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John Harbaugh: Lamar Jackson’s tweet was “out of character”

Mike Florio and Myles Simmons analyze how the Jaguars were able to defeat the Ravens and explore why a loss like this in Week 12 is so concerning for Baltimore.

Ravens quarterback Lamar Jackson reacted to Twitter criticism with a vulgar tweet for which he has received plenty of criticism. It took Jackson several hours to delete the tweet on Sunday night.

On Monday, Ravens coach John Harbaugh said he spoke with Jackson about the situation on Monday morning.

"[I] just beg guys to not to get into the Twitter world right after the game, especially after a loss,” Harbaugh said, via Jamison Hensley of “It’s never going to be positive. It’s not going be a nice place, you know? That’s kind of reflected in Lamar’s response because . . . that’s not the way he speaks. It’s not the way he talks. It’s not the words he ever uses. I’ve never heard him say things like that before.”

Of course, plenty of people use language on Twitter that they don’t walk around spouting off to friends, family, or total strangers.

“Lamar Jackson, you’ve been around him,” Harbaugh said. “He’s got one of the biggest hearts of anybody I know. You all have seen him the way he treats people, the way he treats kids, the way he treats the media. And he is also one of the biggest competitors I’ve ever met. So those kind of conversations he takes very seriously. You get trapped sometimes by someone that’s baiting you just a little bit. And you can’t live there. I think that’s not a place he wants to be and that’s certainly not things that he wants to say.”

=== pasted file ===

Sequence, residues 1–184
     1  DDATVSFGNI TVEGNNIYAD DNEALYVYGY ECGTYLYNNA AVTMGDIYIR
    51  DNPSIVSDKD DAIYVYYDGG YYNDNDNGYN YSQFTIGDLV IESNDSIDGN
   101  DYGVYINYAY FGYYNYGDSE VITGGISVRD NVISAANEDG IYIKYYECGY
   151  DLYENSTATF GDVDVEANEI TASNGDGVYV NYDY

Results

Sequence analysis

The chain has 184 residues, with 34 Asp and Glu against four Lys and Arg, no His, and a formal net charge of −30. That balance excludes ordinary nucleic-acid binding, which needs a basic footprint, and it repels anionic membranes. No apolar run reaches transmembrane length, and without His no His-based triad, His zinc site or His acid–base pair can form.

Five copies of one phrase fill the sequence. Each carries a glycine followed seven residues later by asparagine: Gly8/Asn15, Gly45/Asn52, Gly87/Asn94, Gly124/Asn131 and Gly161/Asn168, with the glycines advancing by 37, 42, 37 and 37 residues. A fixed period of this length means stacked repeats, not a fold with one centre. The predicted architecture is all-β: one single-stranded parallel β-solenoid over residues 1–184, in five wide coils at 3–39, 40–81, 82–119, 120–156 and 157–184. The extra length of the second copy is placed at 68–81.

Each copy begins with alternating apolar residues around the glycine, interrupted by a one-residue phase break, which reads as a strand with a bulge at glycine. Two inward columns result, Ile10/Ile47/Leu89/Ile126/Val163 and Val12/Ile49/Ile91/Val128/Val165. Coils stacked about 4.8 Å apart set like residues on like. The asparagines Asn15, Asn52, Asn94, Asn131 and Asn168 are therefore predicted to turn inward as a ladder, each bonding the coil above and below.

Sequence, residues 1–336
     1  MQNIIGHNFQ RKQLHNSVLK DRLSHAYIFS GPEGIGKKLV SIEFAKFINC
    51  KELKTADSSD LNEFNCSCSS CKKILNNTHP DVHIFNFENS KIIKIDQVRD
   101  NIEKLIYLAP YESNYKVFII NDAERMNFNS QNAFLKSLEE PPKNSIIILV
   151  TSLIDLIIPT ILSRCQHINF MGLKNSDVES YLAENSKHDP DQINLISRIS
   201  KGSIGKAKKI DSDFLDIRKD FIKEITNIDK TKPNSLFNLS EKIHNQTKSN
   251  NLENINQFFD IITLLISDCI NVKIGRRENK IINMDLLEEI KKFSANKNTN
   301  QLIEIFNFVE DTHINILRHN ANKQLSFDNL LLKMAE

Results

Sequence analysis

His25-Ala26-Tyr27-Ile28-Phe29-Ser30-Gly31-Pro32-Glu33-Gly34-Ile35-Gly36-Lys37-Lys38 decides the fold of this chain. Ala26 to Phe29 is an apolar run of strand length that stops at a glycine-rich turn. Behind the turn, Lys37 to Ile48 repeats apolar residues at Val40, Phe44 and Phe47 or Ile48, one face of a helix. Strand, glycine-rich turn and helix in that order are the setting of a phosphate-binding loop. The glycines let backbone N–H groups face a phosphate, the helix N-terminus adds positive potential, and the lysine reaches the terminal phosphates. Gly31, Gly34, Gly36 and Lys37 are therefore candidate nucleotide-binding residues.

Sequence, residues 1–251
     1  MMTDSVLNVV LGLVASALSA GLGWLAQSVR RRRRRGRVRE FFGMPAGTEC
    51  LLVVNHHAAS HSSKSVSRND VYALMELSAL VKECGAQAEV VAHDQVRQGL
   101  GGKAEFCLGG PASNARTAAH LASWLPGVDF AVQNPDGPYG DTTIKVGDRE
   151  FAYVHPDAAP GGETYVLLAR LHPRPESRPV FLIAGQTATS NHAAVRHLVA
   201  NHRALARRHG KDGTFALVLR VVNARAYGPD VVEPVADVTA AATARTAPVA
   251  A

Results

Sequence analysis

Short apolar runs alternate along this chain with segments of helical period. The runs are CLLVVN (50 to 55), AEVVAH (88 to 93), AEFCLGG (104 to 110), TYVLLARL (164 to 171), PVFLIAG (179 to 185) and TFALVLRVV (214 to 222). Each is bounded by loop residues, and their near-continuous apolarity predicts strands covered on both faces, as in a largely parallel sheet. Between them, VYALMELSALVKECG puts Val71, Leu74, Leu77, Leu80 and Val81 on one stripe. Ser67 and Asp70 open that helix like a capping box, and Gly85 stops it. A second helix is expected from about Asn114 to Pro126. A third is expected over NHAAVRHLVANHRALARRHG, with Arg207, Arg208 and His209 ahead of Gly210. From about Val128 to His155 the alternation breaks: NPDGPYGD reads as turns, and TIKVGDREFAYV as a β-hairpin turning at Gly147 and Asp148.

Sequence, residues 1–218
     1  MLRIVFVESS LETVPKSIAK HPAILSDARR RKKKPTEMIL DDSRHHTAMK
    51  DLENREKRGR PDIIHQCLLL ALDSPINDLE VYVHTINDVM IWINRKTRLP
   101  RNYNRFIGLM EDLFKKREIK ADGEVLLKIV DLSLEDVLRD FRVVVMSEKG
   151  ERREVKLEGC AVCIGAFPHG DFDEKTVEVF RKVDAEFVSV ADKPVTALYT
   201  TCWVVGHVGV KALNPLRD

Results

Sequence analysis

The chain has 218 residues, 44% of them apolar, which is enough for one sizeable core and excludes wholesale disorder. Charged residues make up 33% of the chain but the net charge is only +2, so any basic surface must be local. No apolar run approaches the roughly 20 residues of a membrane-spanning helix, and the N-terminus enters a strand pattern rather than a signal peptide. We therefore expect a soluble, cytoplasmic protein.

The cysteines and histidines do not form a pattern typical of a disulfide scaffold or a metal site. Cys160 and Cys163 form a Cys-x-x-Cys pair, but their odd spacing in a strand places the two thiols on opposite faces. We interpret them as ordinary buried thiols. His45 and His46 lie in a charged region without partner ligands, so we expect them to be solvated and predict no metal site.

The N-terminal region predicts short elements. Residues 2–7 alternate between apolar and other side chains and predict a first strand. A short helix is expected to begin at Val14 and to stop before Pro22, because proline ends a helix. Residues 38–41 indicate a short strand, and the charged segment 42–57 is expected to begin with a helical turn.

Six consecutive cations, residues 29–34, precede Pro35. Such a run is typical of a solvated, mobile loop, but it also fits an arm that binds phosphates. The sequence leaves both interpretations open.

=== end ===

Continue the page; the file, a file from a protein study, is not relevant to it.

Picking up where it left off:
Harbaugh is right in that it’s natural to want to react to actual or perceived insults, especially in times of extreme stress. And while the tweet to which Jackson responded wasn’t all that bad in isolation, it may have simply been the straw that broke the camel’s back, after Jackson digested multiple hostile tweets from random Twitter users.

“He wants to win, I’m sure he is frustrated just like we all are,” Harbaugh said. “And that’s just a place you just don’t want to live right after a game. And I know he understands that.”

Again, Harbaugh is right. But good luck keeping young pro athletes away from Twitter. Whether it’s to seek some solace in a compliment or to explore out of curiosity whether and to what extent negativity is being spewed, football players will always be tempted to see what’s on social media after a game. And then they’ll be tempted to respond to the things they don’t like.

It’s inherently human to feel those feelings. It’s inherently human to want to respond. The hardest thing to do is to resist that very strong temptation to let someone hear it.

And when yielding to that temptation, it’s important to understand the import of the terms used. Frankly, there’s a very good chance that Jackson simply didn’t realize that the most problematic portion of the deleted tweet oozed with homophobia. (Indeed, plenty of people who are chiming in on the issue refuse to make the connection.)

Chances are that Jackson now understands the message conveyed by his choice of phrase, and that the next time he reacts to criticism he’ll use a different figure of speech.